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Monday, July 25, 2011

A reminder about what “simplified tax returns” actually means.

I know I covered this last year following the 2010 Federal Budget, but I thought it was worth re-visiting as it’s a topic that seems to have caused some confusion.

You may recall at the time, Wayne Swan tried to promote the proposal by saying it will give most people “more time with their loved ones.” Talk about a stretch!! Methinks he needs a tad more spin doctor training.

The idea is that from 1 July 2012, individual taxpayers will have the option of claiming a standard deduction of $500 for work related expenses and the cost of managing their tax affairs. From 1 July 2013, the Government will increase this standard deduction to $1,000.

This is supposed to make it easier to lodge your own tax return, and in some instances this will be the case. The standard deduction is optional, you can still claim your full “actual” expenses if you believe they will be higher.

An important statistic to take into account that the government is not promoting is that the ATO have released figures showing that the actual average deductions claimed is more than $2,800.

So it begs the question - do you trust the government with your tax deductions? And please bear in mind they are talking about $1,000 of deductions, not a $1,000 refund. At the 30% marginal tax rate the ATO’s actual average taxpayer will be doing themselves out of almost $600 refund.

By making it simpler, are they really hoping that we’ll get lazy and forego our higher tax refund for the easier option? After all, it’s the government trying to save themselves money through reduced administration. Call me cynical, but I just don’t see the government introducing this policy to make my life easier, there has to be more in it for them.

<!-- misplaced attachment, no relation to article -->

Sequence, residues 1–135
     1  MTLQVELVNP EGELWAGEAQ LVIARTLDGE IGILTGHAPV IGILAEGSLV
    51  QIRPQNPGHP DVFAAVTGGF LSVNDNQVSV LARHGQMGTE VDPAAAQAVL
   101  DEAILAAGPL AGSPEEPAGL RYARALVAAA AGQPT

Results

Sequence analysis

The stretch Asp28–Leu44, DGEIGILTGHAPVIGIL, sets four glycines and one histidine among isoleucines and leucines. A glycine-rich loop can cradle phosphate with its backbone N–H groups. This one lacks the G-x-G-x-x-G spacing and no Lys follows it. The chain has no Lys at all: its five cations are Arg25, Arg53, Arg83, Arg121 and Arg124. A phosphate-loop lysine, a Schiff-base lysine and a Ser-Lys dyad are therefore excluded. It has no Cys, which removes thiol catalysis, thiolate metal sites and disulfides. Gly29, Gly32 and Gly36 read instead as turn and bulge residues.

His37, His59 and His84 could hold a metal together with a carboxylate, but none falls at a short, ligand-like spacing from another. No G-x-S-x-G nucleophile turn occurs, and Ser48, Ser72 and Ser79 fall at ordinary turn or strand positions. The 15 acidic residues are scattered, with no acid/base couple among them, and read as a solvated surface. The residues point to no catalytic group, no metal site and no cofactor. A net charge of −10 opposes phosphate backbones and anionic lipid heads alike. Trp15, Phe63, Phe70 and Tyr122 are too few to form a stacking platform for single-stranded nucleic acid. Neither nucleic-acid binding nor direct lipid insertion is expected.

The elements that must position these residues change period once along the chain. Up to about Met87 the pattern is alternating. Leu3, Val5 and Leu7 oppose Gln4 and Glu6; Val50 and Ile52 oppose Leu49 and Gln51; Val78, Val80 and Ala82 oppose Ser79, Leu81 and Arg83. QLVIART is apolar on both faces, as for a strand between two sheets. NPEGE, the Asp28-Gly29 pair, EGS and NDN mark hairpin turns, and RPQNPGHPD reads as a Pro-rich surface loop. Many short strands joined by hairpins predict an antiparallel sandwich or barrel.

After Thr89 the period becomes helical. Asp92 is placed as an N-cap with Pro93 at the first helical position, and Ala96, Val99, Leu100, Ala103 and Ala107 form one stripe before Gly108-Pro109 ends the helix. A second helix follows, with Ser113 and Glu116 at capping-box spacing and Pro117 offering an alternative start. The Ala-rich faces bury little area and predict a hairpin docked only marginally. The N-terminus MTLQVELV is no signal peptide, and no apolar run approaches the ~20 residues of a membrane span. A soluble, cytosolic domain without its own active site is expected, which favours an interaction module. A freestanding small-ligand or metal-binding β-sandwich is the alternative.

Talk soon,

Thursday, July 14, 2011


Oh man, it has been a noisy few weeks in sharemarket land. And most of that noise has been coming from the media – bless their often misguided, sometimes completely irresponsible, cotton socks.

This will be a fairly lengthy blog, but I think (hope) well worthwhile for anyone that’s wondering what on earth is going on. More importantly, it will provide some perspective.

But most importantly, there’s a prize offer at the end!!!!!

At my business, The Hendrie Group, our approach to managing finances has always been to identify long term goals and then to develop strategic plans to help meet those objectives.

As with all plans, nothing is set in stone, and there may well be variations along the way, to respond to changes both in your goals and to investment markets.

But we try to keep those changes to a minimum, by having a long term strategy, and filtering out the market “noise” which fills the media on an almost daily basis.

Those of you who regularly read my blog or listen to my radio program (98.1FM Radio Eastern Thursdays after the 9am news), will be accustomed to my periodic harangues about the need to be wary of sensationalism in media headlines and reporting. Not to mention, inaccurate reporting, media focus on “short termism” particularly in relation to investment returns, over-emphasis on the issue of fees, etc, etc ….. and to remain focused on the long term.

So, given the market gyrations of recent weeks, and the associated reports, I was pleased to read two articles which – in differing ways - reflected my philosophy.